In the course of my daily rummaging through Twitter I saw a strange take: GameStop didn’t matter because it wasn’t still everything. Because the stock wasn’t still in infinite bubble mode the story was over and because the story moved to a new phase that means it “didn’t matter” in the first place. This seems like an absolutely goofy take to me as I have talked with dozens of people personally involved in the story through their efforts to lift the stock to the moon.
Then it hit me — for some people now the only story that mattered was the one that could never end. It warmed up in Texas, the story must be over there too. It didn’t used to be this way.
Never Stop Not Stopping
What is striking is that in the past news stories came and went all the time. Charles Cooper, in an insightful article, early in the Tea Party, situated the movement in the context of Karl Rove’s temporal strategy, which was famously tied to a constantly shifting slate of issues. Cooper’s core assumption is that some small issues come and go regularly (thus the move to simply wait out issues or add more) and that major issues might have more long term salience.
As much as the world of Twitter would like to be “not surprised” by any changes that ever happen, changes are real and do happen. Anything less than omniscience is reason for ridicule. Winning the affective logic of Twitter would depend on not Tweeting because it would verify that you were in fact, not surprised, and that nothing ever changed.
In 2015, Zucker, the CEO of CNN made the choice to change his business cycle by providing ample free air time for one candidate. Legacy media dovetailed with heavy Twitter use. Without the baggage of a campaign infrastructure or anything resembling a policy portfolio, the candidate was a never ending source of heat and light.
Affectively, the national political discourse entered a fully reactionary mode. Trauma envy calls for a subject that is continuously reacting to the pain of others. Anger and resentment flow infinitely and paradoxically from the very movements that should moot them. This is where it comes back to time as the temporality of this reactionary moment is founded on, as Christoper McIntosh argues, an “indefinite present.” In rhetorical terms, the reactionary moment of 2015 displaces the flow of chronos (events in some order) with pure Kairos. Six years later some are finding that they never left a single freeze frame of time.
This was one of the last Time covers of the Summer of 2001:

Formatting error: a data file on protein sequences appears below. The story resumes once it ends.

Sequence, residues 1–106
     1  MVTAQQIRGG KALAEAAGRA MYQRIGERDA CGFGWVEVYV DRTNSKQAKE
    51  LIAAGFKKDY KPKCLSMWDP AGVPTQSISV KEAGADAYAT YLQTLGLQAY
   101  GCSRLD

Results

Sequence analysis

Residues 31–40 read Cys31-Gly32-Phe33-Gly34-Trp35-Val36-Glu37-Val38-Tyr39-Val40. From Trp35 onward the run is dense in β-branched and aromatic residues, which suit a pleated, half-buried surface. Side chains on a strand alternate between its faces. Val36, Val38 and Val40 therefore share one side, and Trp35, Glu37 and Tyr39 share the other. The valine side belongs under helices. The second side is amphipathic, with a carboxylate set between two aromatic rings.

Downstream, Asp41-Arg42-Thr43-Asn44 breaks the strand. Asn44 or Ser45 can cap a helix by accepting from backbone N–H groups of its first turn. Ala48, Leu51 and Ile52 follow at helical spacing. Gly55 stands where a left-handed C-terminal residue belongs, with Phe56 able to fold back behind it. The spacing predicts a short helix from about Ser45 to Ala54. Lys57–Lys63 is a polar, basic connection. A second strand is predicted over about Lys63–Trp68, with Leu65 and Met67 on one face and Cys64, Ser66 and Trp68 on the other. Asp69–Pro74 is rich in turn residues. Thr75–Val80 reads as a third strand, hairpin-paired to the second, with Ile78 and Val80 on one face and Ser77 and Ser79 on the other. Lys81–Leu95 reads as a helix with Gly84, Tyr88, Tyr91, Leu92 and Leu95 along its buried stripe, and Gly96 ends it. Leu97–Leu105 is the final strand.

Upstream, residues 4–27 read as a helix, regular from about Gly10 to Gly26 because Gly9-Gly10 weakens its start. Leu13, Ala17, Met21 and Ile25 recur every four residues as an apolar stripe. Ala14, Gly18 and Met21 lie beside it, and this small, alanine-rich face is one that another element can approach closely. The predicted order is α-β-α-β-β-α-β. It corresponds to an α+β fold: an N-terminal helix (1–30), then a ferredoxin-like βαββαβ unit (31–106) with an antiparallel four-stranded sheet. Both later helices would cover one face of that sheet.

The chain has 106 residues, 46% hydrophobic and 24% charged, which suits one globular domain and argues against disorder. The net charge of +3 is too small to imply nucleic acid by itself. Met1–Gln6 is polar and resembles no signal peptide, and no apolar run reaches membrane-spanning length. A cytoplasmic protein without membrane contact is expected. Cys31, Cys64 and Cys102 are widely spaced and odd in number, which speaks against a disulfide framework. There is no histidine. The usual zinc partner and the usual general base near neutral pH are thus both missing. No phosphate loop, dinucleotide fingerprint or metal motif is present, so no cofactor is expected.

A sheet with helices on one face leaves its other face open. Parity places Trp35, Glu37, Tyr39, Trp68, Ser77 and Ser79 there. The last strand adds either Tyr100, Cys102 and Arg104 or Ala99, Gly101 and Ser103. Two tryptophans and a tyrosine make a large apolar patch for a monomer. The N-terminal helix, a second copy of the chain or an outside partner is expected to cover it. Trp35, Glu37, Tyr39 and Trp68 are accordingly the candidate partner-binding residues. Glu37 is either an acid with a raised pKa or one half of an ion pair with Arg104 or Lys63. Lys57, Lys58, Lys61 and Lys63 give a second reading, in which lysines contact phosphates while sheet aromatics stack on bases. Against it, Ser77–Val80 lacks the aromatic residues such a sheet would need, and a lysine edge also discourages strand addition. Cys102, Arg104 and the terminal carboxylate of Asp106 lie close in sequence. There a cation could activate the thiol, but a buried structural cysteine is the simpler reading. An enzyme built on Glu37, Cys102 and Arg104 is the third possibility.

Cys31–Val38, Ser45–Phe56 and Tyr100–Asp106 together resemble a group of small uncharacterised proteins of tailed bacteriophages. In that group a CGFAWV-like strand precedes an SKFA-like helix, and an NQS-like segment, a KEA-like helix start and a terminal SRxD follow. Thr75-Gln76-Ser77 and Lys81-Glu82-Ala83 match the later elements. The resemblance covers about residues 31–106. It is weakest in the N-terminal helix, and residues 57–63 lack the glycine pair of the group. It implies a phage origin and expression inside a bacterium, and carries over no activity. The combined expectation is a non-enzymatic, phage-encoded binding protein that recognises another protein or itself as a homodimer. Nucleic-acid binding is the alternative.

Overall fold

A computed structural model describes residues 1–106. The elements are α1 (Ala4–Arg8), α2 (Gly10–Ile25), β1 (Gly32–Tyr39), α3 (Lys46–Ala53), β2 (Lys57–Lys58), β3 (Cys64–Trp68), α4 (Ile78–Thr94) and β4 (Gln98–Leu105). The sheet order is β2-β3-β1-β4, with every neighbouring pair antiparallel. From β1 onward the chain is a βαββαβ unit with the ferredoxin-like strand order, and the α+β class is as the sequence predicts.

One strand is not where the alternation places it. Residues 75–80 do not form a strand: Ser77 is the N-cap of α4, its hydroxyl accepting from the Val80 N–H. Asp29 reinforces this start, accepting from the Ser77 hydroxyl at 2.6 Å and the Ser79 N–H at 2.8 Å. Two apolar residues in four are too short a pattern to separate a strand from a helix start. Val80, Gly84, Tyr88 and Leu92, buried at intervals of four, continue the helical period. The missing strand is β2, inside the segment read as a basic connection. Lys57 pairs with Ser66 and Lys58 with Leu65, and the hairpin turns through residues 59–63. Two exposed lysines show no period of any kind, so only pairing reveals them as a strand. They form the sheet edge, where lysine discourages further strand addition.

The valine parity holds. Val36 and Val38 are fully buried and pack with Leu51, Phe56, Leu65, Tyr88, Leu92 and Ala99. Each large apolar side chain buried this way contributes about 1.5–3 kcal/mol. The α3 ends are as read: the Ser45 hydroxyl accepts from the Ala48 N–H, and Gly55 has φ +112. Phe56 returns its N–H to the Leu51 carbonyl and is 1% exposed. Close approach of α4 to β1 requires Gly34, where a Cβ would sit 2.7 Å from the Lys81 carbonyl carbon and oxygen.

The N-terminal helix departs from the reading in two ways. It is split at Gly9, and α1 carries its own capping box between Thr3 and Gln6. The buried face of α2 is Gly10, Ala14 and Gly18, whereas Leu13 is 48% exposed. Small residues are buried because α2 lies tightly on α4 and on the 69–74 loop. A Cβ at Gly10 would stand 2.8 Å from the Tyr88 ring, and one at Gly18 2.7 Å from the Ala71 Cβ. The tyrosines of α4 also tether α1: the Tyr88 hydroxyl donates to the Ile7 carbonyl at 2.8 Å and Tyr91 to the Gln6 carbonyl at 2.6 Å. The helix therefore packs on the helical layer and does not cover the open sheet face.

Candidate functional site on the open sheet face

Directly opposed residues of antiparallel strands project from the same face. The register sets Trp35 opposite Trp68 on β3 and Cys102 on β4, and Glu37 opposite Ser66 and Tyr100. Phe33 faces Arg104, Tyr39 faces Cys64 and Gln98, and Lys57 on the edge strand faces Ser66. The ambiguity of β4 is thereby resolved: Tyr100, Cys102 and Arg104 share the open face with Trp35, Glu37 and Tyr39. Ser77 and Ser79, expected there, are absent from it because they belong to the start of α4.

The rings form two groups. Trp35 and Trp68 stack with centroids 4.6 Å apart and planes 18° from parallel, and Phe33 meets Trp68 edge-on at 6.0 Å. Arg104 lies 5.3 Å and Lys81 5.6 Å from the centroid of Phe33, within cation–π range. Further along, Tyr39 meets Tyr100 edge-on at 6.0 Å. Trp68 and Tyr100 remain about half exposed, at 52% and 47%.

TIME Magazine -- U.S. Edition -- July 30, 2001 Vol. 158 No. 4
TIME Magazine Table of Contents -- U.S. Edition -- July 30, 2001 Vol. 158 No. 4
Without belaboring the news cycles of the Summer of 2001, the end of the Long 90s, were profoundly different than those of the Fall.
As the reactionary indefinite present rewrote the public sphere so many other stories were erased. Even for those not part of the dominant faction, reacting to the reaction was required as part of an ethical life, but this reaction also was to never be surprised. Focus shaming becomes a core trope, after all, this moment is the only moment, now and forever. For those trapped in the indefinite present, what’s happening in the other timeline is strange, almost shattered.
Among the worst things for an organization is when a decision is never made or worse when the executive delegates a decision and then calls to reconsider the decision at every possible second. The organization is slowly poisoned by a moment that can never pass. Thinking back to the remark that GME must not have mattered because it passed is only truly thinkable when political time becomes a quasar. Kairotic gravity holds the black hole together where time never moves, exterior cloud of radiation, brighter than anything else you would ever see draws the attention.
What does this mean? $GME is an important story. FB wrangling down under is important too. Texas utility bill repayment plans? Oh yeah, this is a story, just like so many other stories that just can’t compete with the force or intensity of the last moment. Chronos prevails. Among the most profound political gestures we can undertake is restarting the flow of regular communicative time. This is relevant because the quantum singularity we know is profoundly dangerous, but also because space needs to be opened for the declaration of new moments. Those who are never surprised or nonplussed by the fact that news stories can actually end need, like characters in a sci-fi story, to leave their bubble of the perpetual 2016 (or possibly July 2015) and rejoin this timeline.